Perhaps you feel lonely, struggle with being depressed or anxious.  You may also believe that you are not living your life to your full potential and are lacking meaning.   As such, you find yourself engaging in behaviors that are contradictory to your intentions and deepest desires in life.  So you do what has become familiar and feels safe to you at the moment.  You reach for the chocolate bar or pint of ice cream, eat it (often mindlessly), and experience feeling guilty and shameful afterwards.

If this sounds like you, you are not alone.  Many people struggle with emotional eating.  Understanding and learning to deconstruct your cravings for different foods is a challenging task.  However, the long term rewards far outweigh the emotional or physical pangs that this process may provoke in you.

Food cravings and emotional eating may be related to nutrient deficiencies.  Chocolate, for example, is a great source of magnesium and many other antioxidants.  So while the occasional piece of quality organic, dark chocolate is harmless and may even be good for you, eating a bar every night after a long and stressful day at your job and being alone without a loving partner or friends to talk to and socialize probably suggests that your cravings are fundamentally symbolic substitutes.

Your cravings and emotional eating may be pointing to unmet needs and your need to align your life so that you are consistently experiencing more pleasure and fun in your life.  Instead of using food as an instrument to cope with emotions, take action and participate in activities or join groups that will support you in experiencing fun, pleasure and allow you to socialize with people so that you are attending to and addressing the root cause of your maladaptive behavior.

Unlike other substances (e.g., alcohol, marijuana, cocaine) that your body does not need to survive and thrive, food is necessary to nourish your body and optimize your health.  Thus, it is socially acceptable to cope with your emotions and turn to foods that do not serve you.  Binge eating and emotional eating frequently commence after adverse and stressful life events and goes “under the radar” because it is socially acceptable.  You may never seek treatment because you experience shame or genuinely believe you can quit “cold turkey” without any assistance.

In order to prevent or heal from emotional eating or binge eating, reflect on and consider what you might be doing or thinking instead if you were not thinking about your next “sweet treat.”  Perhaps you have neglected friends or family who you believe are unavailable to spend time with you or would consider you a “burden.”  Learn to be loving with yourself and stop before you indulge in any food your higher self knows does not serve you to ask yourself if eating the slice of cake or scoop ice cream is worth the unsavory effects that follow (e.g., brain fog, fatigue, weight gain, the constriction and narrowing of your life as you further isolate yourself).   As you learn to pause, reflect and become curious about your behavior, it is important to simultaneously send your mind and body compassion and kindness; learn to attend and befriend.  Practicing Loving Kindness Meditation is one such practice that may help you cultivate self-compassion. Finally, recognize that you are simply misdirecting your desires for love, affection, and appreciation or any other unmet needs and using food to briefly provide comfort.  It is a very courageous act to seek help and accept that you have been coping with your painful emotions in an ineffective fashion.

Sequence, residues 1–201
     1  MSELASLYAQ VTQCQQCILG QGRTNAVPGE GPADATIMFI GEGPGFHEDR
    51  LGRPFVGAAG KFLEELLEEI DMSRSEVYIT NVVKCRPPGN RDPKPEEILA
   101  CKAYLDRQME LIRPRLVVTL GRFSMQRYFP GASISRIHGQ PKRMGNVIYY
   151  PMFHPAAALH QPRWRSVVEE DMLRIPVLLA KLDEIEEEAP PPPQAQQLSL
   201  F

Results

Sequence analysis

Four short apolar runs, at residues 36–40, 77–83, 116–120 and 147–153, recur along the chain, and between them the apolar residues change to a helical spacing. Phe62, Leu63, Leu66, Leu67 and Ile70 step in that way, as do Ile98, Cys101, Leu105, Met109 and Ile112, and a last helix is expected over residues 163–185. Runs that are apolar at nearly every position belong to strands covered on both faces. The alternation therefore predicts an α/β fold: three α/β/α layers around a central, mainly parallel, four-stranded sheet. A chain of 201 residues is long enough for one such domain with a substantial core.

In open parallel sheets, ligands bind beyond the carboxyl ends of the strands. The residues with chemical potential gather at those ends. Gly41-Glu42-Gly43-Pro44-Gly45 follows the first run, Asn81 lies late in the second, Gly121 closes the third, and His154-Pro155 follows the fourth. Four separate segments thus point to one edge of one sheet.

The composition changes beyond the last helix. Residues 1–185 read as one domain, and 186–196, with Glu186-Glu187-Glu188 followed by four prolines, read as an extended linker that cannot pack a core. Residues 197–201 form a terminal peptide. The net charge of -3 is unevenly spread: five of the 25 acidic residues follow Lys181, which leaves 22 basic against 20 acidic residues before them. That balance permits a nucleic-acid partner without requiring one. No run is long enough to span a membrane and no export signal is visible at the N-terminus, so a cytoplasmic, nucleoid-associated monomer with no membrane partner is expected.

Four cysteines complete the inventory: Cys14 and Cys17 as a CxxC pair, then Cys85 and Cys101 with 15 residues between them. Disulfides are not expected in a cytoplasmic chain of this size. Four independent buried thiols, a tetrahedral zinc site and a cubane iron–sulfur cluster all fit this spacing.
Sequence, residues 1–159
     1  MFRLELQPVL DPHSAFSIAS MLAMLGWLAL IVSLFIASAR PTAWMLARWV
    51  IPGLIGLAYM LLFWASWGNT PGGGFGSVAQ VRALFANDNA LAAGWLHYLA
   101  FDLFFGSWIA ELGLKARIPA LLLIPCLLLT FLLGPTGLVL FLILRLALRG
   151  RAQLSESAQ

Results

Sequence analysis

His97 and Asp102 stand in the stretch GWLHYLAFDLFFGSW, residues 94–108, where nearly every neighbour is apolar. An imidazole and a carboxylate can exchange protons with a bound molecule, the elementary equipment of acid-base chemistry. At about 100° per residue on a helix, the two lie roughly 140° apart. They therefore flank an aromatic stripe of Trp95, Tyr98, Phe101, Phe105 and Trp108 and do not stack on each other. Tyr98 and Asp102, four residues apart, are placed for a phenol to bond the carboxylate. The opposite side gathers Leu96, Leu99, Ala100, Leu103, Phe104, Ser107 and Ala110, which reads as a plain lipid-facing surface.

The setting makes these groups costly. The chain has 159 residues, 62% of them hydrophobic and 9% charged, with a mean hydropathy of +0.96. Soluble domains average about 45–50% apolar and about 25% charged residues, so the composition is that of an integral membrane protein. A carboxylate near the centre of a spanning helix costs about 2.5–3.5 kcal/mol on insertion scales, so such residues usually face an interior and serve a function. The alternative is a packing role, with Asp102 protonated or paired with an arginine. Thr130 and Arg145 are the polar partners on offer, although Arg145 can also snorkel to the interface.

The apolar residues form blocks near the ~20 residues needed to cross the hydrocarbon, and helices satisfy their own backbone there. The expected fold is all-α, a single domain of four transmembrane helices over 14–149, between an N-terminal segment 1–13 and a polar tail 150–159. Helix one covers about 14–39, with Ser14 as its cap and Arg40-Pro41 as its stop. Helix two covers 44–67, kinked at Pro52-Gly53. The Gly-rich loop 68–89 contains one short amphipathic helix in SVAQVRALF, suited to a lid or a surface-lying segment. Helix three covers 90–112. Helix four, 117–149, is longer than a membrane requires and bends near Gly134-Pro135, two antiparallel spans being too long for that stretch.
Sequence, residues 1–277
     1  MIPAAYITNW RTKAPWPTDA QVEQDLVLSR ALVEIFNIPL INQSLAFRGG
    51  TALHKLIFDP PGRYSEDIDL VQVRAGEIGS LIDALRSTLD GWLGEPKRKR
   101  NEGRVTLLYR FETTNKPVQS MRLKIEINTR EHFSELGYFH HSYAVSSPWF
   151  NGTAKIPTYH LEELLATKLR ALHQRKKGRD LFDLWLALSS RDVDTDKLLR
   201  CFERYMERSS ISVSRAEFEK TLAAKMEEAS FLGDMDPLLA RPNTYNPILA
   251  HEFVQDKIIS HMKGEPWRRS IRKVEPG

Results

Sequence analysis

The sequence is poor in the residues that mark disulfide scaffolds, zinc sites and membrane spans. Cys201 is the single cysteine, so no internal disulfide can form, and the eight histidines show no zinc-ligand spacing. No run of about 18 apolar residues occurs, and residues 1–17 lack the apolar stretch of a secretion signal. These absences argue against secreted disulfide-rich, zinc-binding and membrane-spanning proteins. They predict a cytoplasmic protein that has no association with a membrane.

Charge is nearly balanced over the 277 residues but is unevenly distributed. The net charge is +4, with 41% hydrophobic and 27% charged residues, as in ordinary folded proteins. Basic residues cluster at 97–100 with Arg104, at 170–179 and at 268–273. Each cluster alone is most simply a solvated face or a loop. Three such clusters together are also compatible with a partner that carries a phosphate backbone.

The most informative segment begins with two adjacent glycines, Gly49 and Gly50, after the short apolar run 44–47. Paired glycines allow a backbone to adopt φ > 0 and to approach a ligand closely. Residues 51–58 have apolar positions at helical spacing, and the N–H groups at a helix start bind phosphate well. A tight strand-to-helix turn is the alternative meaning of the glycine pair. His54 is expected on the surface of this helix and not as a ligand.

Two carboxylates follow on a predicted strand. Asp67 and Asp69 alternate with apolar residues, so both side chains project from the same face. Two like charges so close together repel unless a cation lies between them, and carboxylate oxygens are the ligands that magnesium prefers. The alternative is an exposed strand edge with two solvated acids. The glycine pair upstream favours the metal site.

To your health and success,

Dr. Sandoval

To learn more about how working with a psychologist and holistic health coach can help you to enhance your health and well-being, call or email Dr. Sandoval to schedule a free consultation.
The information, published and/or made available through the website, is not intended to replace the services of a physician, nor does it constitute a physician-patient relationship. This blog is for informational purposes only and is not a substitute for professional medical advice. You should not use the information in this post for diagnosing or treating a medical or health condition. You should consult a physician in all matters relating to your health, particularly in respect to any symptoms that may require diagnosis or medical attention.  Any action on the reader’s part in response to the information provided in this blog is at the reader’s discretion.